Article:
03 Mar 2023
 | 03 Mar 2023

The flexural isostatic response of climatically driven sea-level changes on continental-scale deltas

Sara Polanco, Mike Blum, Tristan Salles, Bruce C. Frederick, Rebecca Farrington, Xuesong Ding, Ben Mather, Claire Mallard, and Louis Moresi

Abstract. The interplay between climate-forced sea-level change, sediment erosion and deposition, and flexural adjustments in deep time on passive margin deltas remains poorly understood. We performed a series of conceptual simulations to investigate flexural isostatic responses to high-frequency fluctuations in water and sediment load associated with climatically driven sea-level changes. We model a large drainage basin that discharges to a continental margin to generate a deltaic depocenter, then prescribe synthetic and climatic-driven sea-level curves of different frequencies to assess flexural response. Results show that flexural isostatic adjustments are bidirectional over 100–1000 kyr timescales and are in sync with the magnitude, frequency, and direction of sea-level fluctuations, and that isostatic adjustments play an important role in driving along-strike and cross-shelf river-mouth migration and sediment accumulation. Our findings demonstrate that climate-forced sea-level changes produce a feedback mechanism that results in self-sustaining creation of accommodation into which sediment is deposited and plays a major role in delta morphology and stratigraphic architecture.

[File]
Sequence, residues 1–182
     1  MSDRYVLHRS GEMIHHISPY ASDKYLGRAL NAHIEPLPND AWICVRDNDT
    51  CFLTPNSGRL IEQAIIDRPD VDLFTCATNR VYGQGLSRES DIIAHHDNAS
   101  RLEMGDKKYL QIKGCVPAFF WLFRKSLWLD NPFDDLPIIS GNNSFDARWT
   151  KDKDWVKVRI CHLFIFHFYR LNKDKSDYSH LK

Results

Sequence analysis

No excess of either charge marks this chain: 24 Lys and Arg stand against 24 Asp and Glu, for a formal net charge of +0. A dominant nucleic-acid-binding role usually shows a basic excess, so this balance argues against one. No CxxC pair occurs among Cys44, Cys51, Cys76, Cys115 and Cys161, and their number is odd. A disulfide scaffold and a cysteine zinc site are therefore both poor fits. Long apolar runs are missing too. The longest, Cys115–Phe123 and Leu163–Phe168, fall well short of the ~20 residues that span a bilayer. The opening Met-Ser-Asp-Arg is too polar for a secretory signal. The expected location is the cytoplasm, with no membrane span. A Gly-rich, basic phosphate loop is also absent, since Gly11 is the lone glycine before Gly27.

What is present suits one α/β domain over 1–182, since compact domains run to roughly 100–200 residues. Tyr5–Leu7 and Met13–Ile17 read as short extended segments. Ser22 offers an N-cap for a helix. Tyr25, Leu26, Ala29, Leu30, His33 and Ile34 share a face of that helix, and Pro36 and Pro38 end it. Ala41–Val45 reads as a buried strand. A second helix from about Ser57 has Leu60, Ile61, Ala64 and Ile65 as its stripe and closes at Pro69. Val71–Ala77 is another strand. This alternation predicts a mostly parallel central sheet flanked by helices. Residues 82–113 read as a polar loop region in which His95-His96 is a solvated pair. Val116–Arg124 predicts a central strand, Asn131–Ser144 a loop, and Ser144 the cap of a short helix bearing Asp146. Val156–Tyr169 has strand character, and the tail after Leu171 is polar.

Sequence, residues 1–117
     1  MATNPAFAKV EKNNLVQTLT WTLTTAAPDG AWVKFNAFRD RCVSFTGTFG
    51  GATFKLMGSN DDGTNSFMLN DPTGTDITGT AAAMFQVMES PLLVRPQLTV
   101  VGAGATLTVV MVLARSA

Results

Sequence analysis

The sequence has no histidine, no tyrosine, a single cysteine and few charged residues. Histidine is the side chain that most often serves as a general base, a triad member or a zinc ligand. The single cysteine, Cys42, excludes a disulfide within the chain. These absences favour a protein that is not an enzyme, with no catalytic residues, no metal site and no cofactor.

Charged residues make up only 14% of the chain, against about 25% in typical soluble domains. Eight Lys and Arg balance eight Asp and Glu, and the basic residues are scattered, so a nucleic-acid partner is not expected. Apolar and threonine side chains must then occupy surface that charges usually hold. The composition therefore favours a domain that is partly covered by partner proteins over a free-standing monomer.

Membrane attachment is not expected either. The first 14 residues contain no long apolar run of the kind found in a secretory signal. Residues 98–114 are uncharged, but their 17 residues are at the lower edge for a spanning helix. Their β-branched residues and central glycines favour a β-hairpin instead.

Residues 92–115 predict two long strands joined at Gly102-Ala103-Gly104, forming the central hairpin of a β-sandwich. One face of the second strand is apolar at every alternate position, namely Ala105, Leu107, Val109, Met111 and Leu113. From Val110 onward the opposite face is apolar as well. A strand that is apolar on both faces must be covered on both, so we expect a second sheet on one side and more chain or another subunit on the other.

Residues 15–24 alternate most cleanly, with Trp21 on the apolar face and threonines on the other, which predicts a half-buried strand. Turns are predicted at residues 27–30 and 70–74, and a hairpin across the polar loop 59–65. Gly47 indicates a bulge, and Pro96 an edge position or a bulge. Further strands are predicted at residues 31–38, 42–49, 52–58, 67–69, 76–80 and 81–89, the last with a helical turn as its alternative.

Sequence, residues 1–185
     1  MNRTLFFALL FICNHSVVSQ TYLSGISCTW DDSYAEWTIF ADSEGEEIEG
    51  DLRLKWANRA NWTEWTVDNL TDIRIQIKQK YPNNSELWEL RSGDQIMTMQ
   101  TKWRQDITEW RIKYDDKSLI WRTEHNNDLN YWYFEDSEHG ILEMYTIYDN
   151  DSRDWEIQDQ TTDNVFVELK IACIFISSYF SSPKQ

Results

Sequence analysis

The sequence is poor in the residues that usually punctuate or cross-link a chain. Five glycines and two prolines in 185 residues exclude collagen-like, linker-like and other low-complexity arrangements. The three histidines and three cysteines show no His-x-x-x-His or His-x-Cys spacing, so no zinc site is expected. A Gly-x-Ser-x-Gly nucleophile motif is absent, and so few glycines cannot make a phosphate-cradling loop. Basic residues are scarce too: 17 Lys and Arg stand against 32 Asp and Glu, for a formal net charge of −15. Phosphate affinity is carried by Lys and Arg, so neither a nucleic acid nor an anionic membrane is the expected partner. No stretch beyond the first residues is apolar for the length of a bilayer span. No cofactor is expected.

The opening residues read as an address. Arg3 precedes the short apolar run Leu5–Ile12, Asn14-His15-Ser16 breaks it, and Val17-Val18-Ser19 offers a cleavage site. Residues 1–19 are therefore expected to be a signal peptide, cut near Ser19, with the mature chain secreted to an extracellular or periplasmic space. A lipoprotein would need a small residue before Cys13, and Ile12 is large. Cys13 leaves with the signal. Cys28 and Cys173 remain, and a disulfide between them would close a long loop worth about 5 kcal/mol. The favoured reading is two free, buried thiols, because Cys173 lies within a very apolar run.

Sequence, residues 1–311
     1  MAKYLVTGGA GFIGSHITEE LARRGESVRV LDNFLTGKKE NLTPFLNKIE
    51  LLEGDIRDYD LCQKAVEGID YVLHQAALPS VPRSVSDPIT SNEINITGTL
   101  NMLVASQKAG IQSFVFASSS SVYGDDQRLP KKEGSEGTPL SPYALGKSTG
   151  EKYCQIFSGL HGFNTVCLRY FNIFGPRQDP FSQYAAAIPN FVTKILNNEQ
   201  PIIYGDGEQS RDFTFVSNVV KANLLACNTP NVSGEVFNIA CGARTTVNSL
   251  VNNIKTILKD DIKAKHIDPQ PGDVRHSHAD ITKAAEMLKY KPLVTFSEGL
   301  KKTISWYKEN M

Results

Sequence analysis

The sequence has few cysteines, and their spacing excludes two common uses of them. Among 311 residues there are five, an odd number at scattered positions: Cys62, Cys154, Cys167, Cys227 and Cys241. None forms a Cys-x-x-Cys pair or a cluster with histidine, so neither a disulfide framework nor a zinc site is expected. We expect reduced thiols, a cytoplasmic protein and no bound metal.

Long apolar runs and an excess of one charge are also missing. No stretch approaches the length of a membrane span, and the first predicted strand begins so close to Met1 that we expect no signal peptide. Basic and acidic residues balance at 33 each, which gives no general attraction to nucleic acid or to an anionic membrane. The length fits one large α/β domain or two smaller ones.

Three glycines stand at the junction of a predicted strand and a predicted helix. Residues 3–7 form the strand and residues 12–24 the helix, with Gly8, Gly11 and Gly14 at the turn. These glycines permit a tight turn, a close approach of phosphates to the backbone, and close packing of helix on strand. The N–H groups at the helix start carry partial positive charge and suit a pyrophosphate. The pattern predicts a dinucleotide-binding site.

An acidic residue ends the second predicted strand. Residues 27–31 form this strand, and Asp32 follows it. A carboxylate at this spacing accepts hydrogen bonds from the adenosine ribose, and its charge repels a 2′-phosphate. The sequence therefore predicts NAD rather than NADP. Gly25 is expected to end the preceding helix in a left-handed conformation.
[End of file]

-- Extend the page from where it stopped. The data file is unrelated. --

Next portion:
Sara Polanco et al.

Status: final response (author comments only)

Comment types: AC – author | RC – referee | CC – community | EC – editor | CEC – chief editor | : Report abuse
  • RC1: 'Comment on egusphere-2023-53', Tor Somme, 13 Apr 2023
  • RC2: 'Comment on egusphere-2023-53', Torbjörn Törnqvist, 29 Apr 2023
  • EC1: 'Associate Editor's Comment on egusphere-2023-53', Andreas Baas, 02 May 2023
    • AC3: 'Reply on EC1', Sara Polanco, 30 Jun 2023

Sara Polanco et al.

Sara Polanco et al.


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Short summary
Two-thirds of the world's most populated cities are situated close to deltas. We use computer simulations to understand how deltas sink or rise in response to climate-driven sea-level changes that operate from thousands to millions of years. Our research shows that because of the interaction between the outer layers of the Earth, sediment transport and sea-level changes deltas develop a self-regulated mechanism that modifies the space they need to gain or lose land.